Bonds are crucial because they represent the largest single pool of capital in the world and can easily be channeled to feasible forest conservation initiatives, including those defined as REDD+ projects, Burrows said.

“We need a green growth blueprint. Once we have a blueprint, we can use green bonds as the mechanism for preferencing sustainable investment over alternative growth strategies in forest communities,” he said.

But the financial sector does not need to wait for government action in all areas to scale up the opportunity.

“We could look at banking regulations and credit ratings to ensure the solvency implications of natural resources are properly factored into asset prices,” Burrows said.

“Although the financial systems must at times seem very far removed from the forests… and the agricultural systems we are here to talk about, they are in fact intrinsically linked.”


Honourable Ministers, Distinguished Delegates, Ladies and Gentlemen,

Thank you for your kind introduction and for allowing me this opportunity to address you today on a subject that is extremely dear to my heart. I need not remind you that tropical deforestation is one of the defining issues of our time. It requires local solutions to a global problem that must be implemented within a narrow window of time. This is no easy task. However, I also need not remind you that Indonesia is a beacon of hope for the rest of the world as we wrestle with the complex yet vital challenge that has brought us all to Jakarta today.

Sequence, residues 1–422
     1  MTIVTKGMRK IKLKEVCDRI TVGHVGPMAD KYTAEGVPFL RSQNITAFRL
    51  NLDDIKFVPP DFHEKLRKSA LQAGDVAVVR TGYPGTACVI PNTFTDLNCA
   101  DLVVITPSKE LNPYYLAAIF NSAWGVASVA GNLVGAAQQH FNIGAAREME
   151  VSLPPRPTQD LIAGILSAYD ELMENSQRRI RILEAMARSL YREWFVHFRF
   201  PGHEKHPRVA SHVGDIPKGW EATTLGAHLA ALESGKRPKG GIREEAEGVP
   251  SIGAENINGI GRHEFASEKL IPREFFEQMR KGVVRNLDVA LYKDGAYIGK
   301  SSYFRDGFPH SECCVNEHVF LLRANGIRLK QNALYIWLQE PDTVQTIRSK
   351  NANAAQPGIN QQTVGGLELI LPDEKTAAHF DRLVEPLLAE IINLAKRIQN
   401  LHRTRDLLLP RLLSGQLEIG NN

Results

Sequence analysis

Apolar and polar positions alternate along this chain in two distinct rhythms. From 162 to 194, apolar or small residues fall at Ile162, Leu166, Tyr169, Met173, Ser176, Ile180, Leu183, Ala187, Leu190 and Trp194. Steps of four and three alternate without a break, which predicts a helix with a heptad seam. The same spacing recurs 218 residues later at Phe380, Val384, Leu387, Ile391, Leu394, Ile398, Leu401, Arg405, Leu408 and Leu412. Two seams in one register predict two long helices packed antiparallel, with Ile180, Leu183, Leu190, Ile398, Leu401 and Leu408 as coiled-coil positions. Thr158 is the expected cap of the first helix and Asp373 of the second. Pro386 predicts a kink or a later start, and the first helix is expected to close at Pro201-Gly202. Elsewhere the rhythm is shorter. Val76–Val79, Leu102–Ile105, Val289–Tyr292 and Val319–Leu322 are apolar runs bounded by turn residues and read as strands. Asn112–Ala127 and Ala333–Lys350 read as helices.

I stand before you today as a concerned father and grandfather, but also as a representative of the finance sector. We live in an interconnected world where the financial economy facilitates much that takes place on the surface of the earth. I am not rash enough to suggest that finance is the perfect solution that will enable sustainable landscapes. With a problem of such complexity, I would argue there is no perfect solution. What I would like to impress upon you today is that finance has a very important role to play and I would like to make three observations. These observations give me confidence in our future, and I hope they give you confidence too.

Discussions on the private sector and sustainable landscapes often gravitate to the issue of the ‘finance gap’. There is a valid concern that we need to unlock the vast pools of private sector capital to address the transition to a Green Economy-  an economy that is low carbon, resource efficient and socially inclusive. The annual investment needs for this are measured in tens of billions of US dollars. This is critical and I have no intention of telling you otherwise.

However, there is another gap that we tend to ignore which is critical too. I refer to this as the ‘perception gap’. This becomes apparent if you enter a room with a variety of people discussing a common topic. The private sector, the public sector and civil society all use their own jargon or ‘language’ to describe the same problems. Different stakeholders can be in violent agreement on a subject without realising it as their messages are clouded by the terms and phrases unique to their trade.